This is the fifth post in NEFF’s Notes From the Field blog series, which is designed to bring nature to you at a time when many people are sheltering at home. When it is safe to do so, staff members will offer a behind-the-scenes look at their current work and document interesting natural phenomena from forestlands protected by NEFF. We will also share retrospective stories.
Writing and photography by NEFF Stewardship Associate Beth Gula.
Since my last check-in, we’ve seen the world become much more green across eastern Massachusetts. NEFF forests and conservation restrictions are glowing with bright new leaves. While I’ve been delighted to document native wildflowers blooming over recent weeks, I’ve also resigned myself to the inevitable greening of certain less… friendly… woodland plants. I’m referring to the all-too-familiar invasive plants that reign in many natural areas.
It’s always good to pause and review relevant terminology. “Non-native” plants are those that humans introduced to an area either intentionally or accidentally. Certain non-native plants spread quickly and grow aggressively, taking advantage of resources like light, water and nutrients, ultimately resulting in some form of loss. This may be a loss in biodiversity, native populations, economic value, human health or a combination of multiple problems. Most non-native plants that occur in New England cause no harm and are not considered invasive. Alternately, some “native” plants also have a tendency to act aggressively, though they’re not by definition invasive. A prime example of this is the widespread native poison ivy (aka Toxicodendron radicans, a particularly dread-inspiring scientific name), which thrives in edge habitat.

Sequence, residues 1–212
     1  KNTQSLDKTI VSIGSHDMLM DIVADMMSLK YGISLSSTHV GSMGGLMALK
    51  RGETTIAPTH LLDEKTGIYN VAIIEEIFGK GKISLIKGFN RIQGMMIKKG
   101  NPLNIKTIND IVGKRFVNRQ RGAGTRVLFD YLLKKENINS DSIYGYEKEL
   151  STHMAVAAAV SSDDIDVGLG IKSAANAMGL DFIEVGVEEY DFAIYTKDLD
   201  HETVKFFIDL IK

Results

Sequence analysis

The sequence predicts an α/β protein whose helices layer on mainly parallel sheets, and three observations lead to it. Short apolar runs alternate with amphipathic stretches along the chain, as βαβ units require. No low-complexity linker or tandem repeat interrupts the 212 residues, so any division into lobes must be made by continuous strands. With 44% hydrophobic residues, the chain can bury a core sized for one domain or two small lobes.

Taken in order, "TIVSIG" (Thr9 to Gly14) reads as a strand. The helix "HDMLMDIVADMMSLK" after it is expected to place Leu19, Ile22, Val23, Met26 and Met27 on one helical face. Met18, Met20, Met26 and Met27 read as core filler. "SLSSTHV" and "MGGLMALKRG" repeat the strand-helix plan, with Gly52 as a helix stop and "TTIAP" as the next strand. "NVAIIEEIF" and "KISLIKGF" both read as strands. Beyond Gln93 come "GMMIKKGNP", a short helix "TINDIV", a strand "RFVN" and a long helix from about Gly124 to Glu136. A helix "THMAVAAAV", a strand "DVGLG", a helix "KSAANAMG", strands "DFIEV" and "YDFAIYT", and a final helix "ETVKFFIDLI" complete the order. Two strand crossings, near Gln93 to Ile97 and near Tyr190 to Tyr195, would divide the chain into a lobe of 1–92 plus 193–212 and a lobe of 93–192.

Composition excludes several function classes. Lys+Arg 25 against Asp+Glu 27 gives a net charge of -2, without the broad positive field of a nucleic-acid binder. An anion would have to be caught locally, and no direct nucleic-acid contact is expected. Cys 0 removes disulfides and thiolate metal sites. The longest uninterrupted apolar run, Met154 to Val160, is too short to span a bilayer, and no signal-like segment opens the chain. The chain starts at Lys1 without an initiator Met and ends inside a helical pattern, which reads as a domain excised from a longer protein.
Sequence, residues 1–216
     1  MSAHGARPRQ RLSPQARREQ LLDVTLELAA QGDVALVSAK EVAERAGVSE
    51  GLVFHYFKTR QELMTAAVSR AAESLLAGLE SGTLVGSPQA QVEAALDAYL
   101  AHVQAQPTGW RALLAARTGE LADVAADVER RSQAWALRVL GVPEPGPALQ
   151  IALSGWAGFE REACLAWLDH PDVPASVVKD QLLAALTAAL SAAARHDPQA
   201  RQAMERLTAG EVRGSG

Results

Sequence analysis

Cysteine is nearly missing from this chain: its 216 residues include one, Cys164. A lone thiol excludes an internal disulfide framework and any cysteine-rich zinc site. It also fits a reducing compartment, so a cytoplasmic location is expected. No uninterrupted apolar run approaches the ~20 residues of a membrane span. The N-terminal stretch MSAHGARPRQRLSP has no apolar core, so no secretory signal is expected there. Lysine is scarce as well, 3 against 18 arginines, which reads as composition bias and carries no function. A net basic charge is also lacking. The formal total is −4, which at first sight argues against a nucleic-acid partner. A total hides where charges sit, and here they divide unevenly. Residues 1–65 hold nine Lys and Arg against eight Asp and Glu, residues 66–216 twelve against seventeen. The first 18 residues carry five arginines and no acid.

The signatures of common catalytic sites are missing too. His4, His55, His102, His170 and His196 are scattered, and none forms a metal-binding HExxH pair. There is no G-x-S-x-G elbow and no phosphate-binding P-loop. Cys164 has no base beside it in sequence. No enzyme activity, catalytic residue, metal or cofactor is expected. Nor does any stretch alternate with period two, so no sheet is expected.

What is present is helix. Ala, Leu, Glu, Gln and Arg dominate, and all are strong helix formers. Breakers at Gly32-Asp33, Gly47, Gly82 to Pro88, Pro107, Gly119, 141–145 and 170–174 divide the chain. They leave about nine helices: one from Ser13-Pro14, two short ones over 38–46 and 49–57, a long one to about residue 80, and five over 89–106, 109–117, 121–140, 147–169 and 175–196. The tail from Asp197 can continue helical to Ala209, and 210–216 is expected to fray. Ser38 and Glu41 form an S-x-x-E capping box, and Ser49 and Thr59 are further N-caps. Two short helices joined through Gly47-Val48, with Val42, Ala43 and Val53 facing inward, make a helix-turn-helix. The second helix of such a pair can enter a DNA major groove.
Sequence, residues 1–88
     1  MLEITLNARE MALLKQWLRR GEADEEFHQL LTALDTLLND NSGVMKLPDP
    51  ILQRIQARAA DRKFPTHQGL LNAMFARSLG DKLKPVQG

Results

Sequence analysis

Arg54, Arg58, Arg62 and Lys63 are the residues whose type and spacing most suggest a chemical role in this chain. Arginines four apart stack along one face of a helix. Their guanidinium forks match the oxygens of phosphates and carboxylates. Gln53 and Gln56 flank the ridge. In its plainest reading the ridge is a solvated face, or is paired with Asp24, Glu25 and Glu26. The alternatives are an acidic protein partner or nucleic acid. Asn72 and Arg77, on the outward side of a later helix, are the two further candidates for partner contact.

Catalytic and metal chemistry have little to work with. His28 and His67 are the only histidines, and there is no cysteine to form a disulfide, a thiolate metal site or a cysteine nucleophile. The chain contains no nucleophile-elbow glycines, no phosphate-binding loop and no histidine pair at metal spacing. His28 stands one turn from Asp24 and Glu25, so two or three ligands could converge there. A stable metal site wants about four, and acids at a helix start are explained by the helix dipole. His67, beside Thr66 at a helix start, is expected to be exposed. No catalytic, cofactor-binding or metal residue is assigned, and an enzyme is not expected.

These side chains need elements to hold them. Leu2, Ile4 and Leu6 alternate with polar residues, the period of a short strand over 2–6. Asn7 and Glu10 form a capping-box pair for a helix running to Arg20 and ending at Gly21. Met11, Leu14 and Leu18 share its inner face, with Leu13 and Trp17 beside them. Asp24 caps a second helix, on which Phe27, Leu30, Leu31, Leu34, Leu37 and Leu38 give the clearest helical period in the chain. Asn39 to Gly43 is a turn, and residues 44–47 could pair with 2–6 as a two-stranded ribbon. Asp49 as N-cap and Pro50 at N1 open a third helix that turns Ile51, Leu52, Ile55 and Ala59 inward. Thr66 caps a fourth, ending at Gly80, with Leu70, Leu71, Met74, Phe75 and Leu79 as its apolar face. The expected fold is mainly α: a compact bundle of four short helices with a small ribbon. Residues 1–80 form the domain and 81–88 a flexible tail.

Invasive plants can cause ecological and economic harm when they successfully monopolize a site. As summarized by UNH-Extension Forestry State Specialist Steven Roberge: “Invasive plants can reduce biodiversity, imperil rare species, reduce wildlife habitat by eliminating native foods or changing cover or nest sites, degrade water quality, reduce forest and farm crop production, and cause human health problems.” See more at extension.unh.edu/resource/invasive-plants
Plants that are non-native and invasive in New England are native to other parts of the world where their strategies for growth and reproduction evolved alongside different natural pressures and competition. They’re often great at capitalizing on disturbance, establishing early and gaining a foothold over native plants. Many leaf-out first in spring, giving them a head start on growth and shading out later-emerging natives. I noticed this phenomenon back in late April at NEFF’s Rocky Pond Community Forest, where the leaves of invasive Japanese barberry shrubs cast a haze of green across the otherwise brown and dormant forest understory.